Over the past few years, immigration detention has been the focus of increasing government and parliamentary scrutiny. This year, Stephen Shaw published his follow-up review into welfare in detention, and inquiries were launched by the Home Affairs Committee and the Joint Committee on Human Rights. To enable Forum members to participate in these and other inquiries, the Detention Forum hosted a workshop on submitting evidence to a Select Committee, organised by the UK Parliament’s Select Committees Engagement Service.
Catherine Hurley, a volunteer at the Detention Forum, attended the workshop. She writes:
On 4 July I attended a briefing by Robert Baldry, from the UK Parliament Education and Engagement Service, who gave a talk to a group of Detention Forum members on submitting evidence to a Select Committee. Most of the members present had previously given evidence to Select Committees but I was listening as a novice.
Robert introduced the briefing by describing how the work of the Select Committees fits into the overall Parliamentary landscape. In summary:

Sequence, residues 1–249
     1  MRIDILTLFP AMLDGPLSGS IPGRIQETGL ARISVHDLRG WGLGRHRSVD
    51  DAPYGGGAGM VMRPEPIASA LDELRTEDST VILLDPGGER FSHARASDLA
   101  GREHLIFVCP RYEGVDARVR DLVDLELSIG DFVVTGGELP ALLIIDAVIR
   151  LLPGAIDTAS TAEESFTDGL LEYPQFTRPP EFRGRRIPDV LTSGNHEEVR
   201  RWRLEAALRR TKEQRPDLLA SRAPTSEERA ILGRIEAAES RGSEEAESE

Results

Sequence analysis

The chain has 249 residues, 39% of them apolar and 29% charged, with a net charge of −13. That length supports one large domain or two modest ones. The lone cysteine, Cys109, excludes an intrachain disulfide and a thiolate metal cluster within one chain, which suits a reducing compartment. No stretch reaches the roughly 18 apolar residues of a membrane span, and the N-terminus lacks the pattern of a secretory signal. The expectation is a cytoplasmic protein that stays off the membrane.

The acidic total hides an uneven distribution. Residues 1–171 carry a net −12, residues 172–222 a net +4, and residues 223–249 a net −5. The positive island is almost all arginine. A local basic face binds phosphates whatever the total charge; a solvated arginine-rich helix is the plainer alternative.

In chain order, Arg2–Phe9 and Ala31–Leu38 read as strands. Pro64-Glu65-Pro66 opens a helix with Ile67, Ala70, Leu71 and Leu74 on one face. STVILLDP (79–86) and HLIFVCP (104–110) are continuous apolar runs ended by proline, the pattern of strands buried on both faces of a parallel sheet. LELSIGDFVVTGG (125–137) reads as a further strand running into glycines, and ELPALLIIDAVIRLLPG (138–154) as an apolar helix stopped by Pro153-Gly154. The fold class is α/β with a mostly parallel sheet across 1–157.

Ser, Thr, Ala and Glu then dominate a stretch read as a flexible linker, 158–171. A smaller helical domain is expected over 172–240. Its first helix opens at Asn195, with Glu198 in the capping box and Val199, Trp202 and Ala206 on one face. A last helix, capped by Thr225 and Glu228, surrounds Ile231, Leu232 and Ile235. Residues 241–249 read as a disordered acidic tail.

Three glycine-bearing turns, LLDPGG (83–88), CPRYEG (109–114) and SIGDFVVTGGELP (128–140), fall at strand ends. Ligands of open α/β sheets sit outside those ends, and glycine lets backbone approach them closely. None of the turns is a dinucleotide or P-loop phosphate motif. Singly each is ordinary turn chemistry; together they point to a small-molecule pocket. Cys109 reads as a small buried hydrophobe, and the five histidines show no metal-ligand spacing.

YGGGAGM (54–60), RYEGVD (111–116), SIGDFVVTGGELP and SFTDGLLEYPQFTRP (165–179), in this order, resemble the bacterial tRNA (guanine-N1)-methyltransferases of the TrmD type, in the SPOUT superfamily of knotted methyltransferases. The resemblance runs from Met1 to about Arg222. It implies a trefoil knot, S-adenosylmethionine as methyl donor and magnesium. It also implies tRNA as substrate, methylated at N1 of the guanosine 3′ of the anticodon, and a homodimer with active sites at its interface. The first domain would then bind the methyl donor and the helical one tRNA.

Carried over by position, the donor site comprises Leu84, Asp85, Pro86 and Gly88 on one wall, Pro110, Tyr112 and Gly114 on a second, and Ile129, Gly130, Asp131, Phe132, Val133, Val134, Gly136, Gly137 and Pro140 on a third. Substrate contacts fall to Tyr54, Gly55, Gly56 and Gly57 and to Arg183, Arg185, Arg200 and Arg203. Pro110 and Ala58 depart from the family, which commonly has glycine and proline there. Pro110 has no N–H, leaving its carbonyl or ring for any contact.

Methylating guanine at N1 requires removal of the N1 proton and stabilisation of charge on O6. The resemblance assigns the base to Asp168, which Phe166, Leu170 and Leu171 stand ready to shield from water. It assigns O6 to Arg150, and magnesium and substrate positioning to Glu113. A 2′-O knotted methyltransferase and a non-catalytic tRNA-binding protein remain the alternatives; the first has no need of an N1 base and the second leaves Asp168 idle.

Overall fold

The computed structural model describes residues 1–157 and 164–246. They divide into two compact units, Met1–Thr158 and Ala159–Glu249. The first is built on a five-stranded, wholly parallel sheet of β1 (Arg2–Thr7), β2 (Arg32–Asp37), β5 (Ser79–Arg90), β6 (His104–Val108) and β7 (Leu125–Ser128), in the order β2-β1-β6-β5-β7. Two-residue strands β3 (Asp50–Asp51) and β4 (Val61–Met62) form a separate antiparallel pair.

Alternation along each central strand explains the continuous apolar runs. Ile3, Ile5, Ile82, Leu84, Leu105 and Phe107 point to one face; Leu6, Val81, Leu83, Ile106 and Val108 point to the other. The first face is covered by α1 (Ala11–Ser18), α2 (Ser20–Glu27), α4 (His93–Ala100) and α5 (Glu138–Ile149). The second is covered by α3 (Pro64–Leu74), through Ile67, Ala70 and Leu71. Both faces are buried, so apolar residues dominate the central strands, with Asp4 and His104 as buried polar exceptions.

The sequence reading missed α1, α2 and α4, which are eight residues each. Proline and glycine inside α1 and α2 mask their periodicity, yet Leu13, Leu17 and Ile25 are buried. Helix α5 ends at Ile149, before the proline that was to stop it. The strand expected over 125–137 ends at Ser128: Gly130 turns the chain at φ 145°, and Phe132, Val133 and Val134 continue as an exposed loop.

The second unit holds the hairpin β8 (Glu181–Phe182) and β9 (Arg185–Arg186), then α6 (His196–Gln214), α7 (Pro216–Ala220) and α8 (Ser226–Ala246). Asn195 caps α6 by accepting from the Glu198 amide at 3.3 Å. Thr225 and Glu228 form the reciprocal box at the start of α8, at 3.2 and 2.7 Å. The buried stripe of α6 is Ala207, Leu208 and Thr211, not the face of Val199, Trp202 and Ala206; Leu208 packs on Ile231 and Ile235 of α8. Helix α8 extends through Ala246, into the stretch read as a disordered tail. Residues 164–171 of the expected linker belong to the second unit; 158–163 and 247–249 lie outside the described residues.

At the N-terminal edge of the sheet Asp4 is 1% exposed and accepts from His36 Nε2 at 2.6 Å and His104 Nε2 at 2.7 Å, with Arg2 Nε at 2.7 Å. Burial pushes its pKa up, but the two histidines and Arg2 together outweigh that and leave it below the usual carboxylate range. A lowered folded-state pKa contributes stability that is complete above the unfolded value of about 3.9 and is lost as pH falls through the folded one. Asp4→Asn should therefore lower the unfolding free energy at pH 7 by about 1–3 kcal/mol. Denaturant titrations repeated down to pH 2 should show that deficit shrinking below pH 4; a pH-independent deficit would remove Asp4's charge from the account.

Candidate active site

- There are three kinds of Committees: Commons (MPs); Lords (Peers); and Joint (MPs and Peers). Joint committees are infrequent; see here for a list of the six Joint Committees currently operating.
- Select Committees are set up to scrutinise the work of the Executive (the Government). Commons Select Committees are broadly set up along the lines of the Ministries (Justice, Home Affairs, Health, etc.) and Lords Committees investigate broader issues such as the Constitution Committee or Science and Technology Committee.
- Membership is cross-party. The Parties divide up leadership of the Select Committees between them, then each Party has internal elections for members. Membership of the committees is liable to change. There are hierarchies of Select Committees, with Home Affairs, Treasury and Health being particularly sought after by MPs. Two of the Committees of particular concern to Detention Forum members are the Home Affairs Committee, chaired by Yvette Cooper and the Joint Human Rights Committee chaired by Harriet Harman.